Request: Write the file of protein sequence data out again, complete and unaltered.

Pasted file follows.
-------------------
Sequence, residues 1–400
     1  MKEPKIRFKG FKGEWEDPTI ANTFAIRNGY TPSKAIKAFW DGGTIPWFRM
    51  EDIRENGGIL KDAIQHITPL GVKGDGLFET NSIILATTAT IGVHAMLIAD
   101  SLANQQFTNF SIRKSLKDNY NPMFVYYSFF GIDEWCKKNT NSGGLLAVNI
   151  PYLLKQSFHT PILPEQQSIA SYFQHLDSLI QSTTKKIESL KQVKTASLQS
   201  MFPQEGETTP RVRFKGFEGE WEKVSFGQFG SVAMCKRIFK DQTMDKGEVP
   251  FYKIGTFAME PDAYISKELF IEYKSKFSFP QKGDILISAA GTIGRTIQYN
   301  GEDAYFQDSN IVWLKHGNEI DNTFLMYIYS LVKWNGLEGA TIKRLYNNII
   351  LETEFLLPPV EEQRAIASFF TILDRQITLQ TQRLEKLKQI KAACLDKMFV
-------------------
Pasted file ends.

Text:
Sequence, residues 1–400
     1  MKEPKIRFKG FKGEWEDPTI ANTFAIRNGY TPSKAIKAFW DGGTIPWFRM
    51  EDIRENGGIL KDAIQHITPL GVKGDGLFET NSIILATTAT IGVHAMLIAD
   101  SLANQQFTNF SIRKSLKDNY NPMFVYYSFF GIDEWCKKNT NSGGLLAVNI
   151  PYLLKQSFHT PILPEQQSIA SYFQHLDSLI QSTTKKIESL KQVKTASLQS
   201  MFPQEGETTP RVRFKGFEGE WEKVSFGQFG SVAMCKRIFK DQTMDKGEVP
   251  FYKIGTFAME PDAYISKELF IEYKSKFSFP QKGDILISAA GTIGRTIQYN
   301  GEDAYFQDSN IVWLKHGNEI DNTFLMYIYS LVKWNGLEGA TIKRLYNNII
   351  LETEFLLPPV EEQRAIASFF TILDRQITLQ TQRLEKLKQI KAACLDKMFV